Even as Seth became identified with evil, he remained a representation of the monistic divine principle. As the peoples of the arid Upper Egypt, worshippers of Seth, were united with the Nile-dwelling adherents to Osiris and Horus, it was necessary for some resolution of the religious conflict to take place. In some places, the divine twins Horus and Seth were worshipped together as one god with two heads. However, Seth eventually came to be regarded as inferior and evil. The latter solution better explained the continual conflict between the forces of good and evil, and so foreshadowed later dualistic religious systems.
The principles of good and evil were brought into full-blown opposition with the revolutionary theology of Zoroaster, the Persian prophet who probably lived in the 12th century before Christ. It was he who first introduced a clearly-defined Devil as the sole author of evil. His mythological system was based on the Persian worship of the ahuras, good deities eternally at war with the evil daevas. This faith was a fine example of a socio-political schism in heaven. It is interesting to note that, in Hindu religion, the devas (daevas) became the good gods, while the asuras (ahuras) became demons. Both religions sprang from a common source.
True religious dualism posits the existence of two absolute cosmic principles, wholly independent of one another. They are nearly always antithetical, and are often of separate or unknown origin. Neither can be omnipotent, since they must by definition limit one another. In absolute dualism, there can be no single, ultimate divine principle.
The novelty of Zoroaster’s system is that it does away with the morally indefinable conception of the single divine principle in favor of a cosmic struggle between the good Lord, Ahura Mazda (or Ormzad) and the inferior Devil, Angra Mainyu (or Ahriman). Zoroaster preached devotion to the absolute good, and prophesied that, in the fullness of time, evil would be utterly destroyed by the Lord.
While Zoroaster and his Mazdaist followers are the first to have embodied the principle of evil within one personality, the concept of the Devil as it has been commonly known is of definite Hebrew origin. As always, the Devil is a figure who actively creates suffering and pursues wholesale destruction for its own sake. The persecution of the Jews confronted them with evil in a new, more powerful way, and the existence of the Devil made their suffering more explicable.
Early Judaism was, of course, utterly monistic. The god Yahweh encompassed both good and evil, mercy and justice, yet could not be assigned a specific moral character. As in Zoroastrianism, however, the evil in the god’s nature was eventually differentiated from him and ascribed to a malignant spirit. Unfortunately, the implicit dualism of this alternative could never be reconciled with monotheism. The Lord was infinitely good; evil had its source outside of him. Yet he was the author of all things, and ultimately responsible for the cosmos. How could he permit evil to exist?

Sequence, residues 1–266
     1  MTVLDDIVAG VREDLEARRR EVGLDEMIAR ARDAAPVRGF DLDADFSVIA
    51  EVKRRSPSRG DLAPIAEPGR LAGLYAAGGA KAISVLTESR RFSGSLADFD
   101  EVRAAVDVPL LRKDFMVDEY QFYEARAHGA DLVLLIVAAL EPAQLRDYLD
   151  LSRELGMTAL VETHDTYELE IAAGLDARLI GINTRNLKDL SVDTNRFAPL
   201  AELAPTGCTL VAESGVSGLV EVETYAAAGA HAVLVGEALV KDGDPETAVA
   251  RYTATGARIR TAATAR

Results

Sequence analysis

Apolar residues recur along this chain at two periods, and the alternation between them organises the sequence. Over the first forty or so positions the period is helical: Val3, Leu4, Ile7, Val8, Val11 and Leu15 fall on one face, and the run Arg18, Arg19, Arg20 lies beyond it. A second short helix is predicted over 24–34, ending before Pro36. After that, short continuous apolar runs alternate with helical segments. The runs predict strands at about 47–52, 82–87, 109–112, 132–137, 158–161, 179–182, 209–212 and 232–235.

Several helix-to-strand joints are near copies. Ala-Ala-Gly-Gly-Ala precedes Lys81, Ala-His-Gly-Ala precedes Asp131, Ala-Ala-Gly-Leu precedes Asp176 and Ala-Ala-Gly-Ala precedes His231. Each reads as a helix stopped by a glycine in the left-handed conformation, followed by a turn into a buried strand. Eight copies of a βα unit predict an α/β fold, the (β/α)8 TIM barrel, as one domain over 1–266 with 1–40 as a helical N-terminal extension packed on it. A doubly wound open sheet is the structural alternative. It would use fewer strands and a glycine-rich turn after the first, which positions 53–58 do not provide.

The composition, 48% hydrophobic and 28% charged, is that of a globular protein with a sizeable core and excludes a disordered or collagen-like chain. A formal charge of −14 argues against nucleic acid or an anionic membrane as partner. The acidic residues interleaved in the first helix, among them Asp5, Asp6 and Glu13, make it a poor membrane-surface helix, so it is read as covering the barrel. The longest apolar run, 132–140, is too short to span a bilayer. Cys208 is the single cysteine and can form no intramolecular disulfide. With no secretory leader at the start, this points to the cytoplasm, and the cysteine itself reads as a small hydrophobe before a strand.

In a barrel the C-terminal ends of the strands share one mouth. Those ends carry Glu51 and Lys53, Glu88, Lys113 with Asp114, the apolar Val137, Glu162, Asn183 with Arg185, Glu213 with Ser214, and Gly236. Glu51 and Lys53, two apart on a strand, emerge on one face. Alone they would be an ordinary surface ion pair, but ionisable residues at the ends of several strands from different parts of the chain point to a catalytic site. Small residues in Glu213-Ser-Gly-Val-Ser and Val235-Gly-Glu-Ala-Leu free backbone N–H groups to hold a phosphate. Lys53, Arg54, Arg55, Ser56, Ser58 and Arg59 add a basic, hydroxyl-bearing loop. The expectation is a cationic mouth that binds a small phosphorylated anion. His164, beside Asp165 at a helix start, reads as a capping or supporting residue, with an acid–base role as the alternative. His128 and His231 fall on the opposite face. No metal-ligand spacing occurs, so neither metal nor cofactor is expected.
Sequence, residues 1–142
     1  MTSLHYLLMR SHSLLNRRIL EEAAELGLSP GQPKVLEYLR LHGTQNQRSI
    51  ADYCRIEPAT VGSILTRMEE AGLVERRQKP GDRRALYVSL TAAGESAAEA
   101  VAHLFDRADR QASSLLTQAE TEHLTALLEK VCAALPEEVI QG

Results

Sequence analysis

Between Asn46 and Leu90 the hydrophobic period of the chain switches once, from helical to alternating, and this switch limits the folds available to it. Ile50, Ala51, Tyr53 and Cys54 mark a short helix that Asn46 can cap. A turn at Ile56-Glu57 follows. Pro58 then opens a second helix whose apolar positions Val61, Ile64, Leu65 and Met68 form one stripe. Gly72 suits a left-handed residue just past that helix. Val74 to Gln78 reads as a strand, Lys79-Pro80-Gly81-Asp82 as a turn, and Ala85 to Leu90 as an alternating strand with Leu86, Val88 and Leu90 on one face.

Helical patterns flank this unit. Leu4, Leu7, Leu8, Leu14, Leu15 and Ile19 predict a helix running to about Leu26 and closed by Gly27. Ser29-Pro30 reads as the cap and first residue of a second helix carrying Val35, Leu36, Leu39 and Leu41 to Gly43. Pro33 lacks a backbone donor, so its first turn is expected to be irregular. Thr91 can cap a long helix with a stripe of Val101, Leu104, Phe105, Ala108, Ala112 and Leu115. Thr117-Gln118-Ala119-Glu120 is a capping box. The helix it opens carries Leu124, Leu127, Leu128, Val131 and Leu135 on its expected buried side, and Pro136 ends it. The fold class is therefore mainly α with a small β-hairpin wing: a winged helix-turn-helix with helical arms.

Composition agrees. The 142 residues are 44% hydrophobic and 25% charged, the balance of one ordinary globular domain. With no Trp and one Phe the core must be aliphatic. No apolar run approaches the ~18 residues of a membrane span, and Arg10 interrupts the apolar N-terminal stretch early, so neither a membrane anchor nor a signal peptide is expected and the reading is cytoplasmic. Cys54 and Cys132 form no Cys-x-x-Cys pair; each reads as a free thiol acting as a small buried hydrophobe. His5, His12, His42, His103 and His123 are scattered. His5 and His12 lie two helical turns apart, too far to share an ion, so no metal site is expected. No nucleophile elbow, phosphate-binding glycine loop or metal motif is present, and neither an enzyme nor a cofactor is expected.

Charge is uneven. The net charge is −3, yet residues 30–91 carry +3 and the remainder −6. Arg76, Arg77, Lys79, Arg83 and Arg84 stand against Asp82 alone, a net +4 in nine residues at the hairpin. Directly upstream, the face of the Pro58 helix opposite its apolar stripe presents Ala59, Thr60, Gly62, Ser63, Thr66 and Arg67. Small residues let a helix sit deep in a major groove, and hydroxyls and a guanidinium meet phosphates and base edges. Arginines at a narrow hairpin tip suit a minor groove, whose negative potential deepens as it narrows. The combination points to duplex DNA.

II. God and His Partner
The position of the Devil in Jewish theology was not central; in time, he would come to be regarded as as mere metaphor for the evil inclination in the human soul. In essence, the Hebrew conception of evil reverted to the earlier Yahwistic doctrine of God as an ambivalent, mysterious unity. This was not so with orthodox Christianity. On the contrary, the opposition between Lord and Devil became a main focus for the Christian faith.
The saving mission of Jesus was at the core of the Christian religion. From what was humanity to be saved? None other than the Prince of Darkness. Without the threat of Satan, no Redeemer would be necessary. Christ’s mission was to deliver the world from evil — evil personified in the figure of Lucifer, source of all sin.
Thus the Devil was thrust into a position of extreme importance. His fall from Heaven was one of the key moments in the history of creation, for it was then that discord entered the cosmos. He fell of his own “free will” by committing the sins of pride and envy. Yet this “uncaused”; act occurred in the presence of the omnipotent Lord — who knew in all eternity the actions of even so-called “free” beings. The blatant contradictions between free will and predetermination, and between the omnipotence and benevolence of God were never resolved.
Many attempts were made to isolate the good Lord from the evil present in his creation. Both philosophical and mythological approaches were taken; neither could produce a coherent picture of an all-powerful, all-good creator in a world filled with suffering.